70 years ago Today, on the 25th of April 1953, an incredibly important discovery was published in England.
70 years ago Today, on the 25th of April 1953, an incredibly important discovery was published in England. The structure of DNA was first described. Two Cambridge University scientists published their answer to how living things reproduced. In an article published in Nature magazine, American James D Watson and Englishman Francis Crick described the structure of a chemical called deoxyribonucleic acid, or DNA. Their incredible achievement was recognized in 1962 when they received the Nobel Prize for Physiology.
Francis Harry Compton Crick was an English molecular biologist, biophysicist, and neuroscientist. He, James Watson, Rosalind Franklin, and Maurice Wilkins played crucial roles in deciphering the helical structure of the DNA molecule. Crick and Watson’s paper in Nature in 1953 laid the groundwork for understanding DNA structure and functions. Together with Maurice Wilkins, they were jointly awarded the 1962 Nobel Prize in Physiology or Medicine “for their discoveries concerning the molecular structure of nucleic acids and its significance for information transfer in living material”
Prior to publication In February 1953, a jubilant Francis Crick walked into The Eagle in Cambridge and proclaimed he and James Watson had “found the secret of life”. The Grade II-listed pub also contains a ceiling covered in the signatures of Allied pilots during World War Two. Owner Greene King said the “minor” works would help preserve the building “for generations to come”. Further Developments in DNA led to the first used in forensic science to convict in1988 and has become a reliable to convict as well as to not lead to conviction providing greater clarity on cases ever since.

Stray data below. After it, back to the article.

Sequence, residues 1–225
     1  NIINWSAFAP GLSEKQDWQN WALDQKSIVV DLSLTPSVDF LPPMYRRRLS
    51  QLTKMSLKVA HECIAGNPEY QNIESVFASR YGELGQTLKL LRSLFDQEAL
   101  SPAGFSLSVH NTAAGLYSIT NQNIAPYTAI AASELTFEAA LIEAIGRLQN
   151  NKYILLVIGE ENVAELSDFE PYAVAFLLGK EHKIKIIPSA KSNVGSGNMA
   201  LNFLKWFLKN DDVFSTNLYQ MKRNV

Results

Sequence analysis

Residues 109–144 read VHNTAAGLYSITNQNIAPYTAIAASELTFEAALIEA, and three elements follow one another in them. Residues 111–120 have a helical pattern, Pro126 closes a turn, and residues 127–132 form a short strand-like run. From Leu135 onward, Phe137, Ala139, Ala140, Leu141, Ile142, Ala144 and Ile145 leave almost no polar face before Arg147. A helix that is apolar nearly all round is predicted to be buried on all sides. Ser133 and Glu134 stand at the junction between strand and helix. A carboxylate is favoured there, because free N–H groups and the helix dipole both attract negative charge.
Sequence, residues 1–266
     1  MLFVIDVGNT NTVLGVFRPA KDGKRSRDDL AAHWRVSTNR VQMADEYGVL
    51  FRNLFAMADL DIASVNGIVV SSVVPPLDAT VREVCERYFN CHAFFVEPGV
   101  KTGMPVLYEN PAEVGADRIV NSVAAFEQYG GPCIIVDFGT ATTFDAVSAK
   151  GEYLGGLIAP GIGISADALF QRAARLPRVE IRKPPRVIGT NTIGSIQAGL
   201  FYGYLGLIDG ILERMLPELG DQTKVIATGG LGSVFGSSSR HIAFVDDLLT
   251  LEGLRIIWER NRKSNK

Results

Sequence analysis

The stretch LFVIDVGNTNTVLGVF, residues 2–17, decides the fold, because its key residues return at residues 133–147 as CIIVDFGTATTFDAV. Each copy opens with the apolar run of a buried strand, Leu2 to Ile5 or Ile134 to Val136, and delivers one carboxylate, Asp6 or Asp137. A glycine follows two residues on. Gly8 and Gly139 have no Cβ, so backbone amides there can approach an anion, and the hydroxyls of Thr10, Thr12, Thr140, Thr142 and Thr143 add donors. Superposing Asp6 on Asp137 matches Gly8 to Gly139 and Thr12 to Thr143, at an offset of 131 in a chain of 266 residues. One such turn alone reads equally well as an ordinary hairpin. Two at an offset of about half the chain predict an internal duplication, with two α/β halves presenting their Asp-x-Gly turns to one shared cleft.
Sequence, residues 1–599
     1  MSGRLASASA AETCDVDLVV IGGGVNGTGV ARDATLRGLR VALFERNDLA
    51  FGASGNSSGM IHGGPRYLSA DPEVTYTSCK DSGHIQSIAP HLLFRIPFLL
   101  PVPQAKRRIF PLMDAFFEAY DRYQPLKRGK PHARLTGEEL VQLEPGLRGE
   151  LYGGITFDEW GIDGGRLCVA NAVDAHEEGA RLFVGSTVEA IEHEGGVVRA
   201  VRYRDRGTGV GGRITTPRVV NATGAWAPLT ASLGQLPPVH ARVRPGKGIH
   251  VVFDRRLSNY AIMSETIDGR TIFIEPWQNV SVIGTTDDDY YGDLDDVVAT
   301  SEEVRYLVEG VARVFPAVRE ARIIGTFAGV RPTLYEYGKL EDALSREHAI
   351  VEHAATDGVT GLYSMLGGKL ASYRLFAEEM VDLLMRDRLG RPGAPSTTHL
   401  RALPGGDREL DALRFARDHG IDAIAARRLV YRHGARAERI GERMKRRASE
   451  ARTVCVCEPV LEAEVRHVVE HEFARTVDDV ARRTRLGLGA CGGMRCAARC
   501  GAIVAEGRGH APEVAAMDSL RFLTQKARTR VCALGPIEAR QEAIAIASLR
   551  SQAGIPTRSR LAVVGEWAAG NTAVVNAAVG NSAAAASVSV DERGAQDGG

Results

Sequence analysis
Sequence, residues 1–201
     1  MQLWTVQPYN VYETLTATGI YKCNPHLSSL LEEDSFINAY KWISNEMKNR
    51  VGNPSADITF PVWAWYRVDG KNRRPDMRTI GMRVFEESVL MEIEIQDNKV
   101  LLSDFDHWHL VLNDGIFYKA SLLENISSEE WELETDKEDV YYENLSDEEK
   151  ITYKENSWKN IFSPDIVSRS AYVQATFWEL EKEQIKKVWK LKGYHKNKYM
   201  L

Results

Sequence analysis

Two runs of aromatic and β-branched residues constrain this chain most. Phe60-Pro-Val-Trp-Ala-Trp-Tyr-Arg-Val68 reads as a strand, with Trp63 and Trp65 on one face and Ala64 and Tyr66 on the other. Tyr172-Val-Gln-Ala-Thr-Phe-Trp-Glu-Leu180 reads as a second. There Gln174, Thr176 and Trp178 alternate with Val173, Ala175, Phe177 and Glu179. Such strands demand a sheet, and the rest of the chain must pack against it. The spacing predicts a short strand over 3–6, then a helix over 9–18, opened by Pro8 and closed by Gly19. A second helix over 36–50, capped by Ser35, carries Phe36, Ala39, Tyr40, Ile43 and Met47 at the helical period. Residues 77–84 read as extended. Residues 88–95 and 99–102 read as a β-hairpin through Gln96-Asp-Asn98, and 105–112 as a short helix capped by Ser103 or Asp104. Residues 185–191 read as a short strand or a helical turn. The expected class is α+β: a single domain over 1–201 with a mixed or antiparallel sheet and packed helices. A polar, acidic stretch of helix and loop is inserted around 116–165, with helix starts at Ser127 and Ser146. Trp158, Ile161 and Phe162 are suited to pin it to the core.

Forensic scientists can use DNA in blood, semen, skin, saliva or hair found at a crime scene to identify a matching DNA of an individual, such as a perpetrator. This process is formally termed DNA profiling, also called DNA fingerprinting. In DNA profiling, the lengths of variable sections of repetitive DNA, such as short tandem repeats and minisatellites, are compared between people. This method is usually an extremely reliable technique for identifying a matching DNA. However, identification can be complicated if the scene is contaminated with DNA from several people. DNA profiling was developed in 1984 by British geneticist Sir Alec Jeffreys and first used in forensic science to convict Colin Pitchfork in the 1988 Enderby murders case.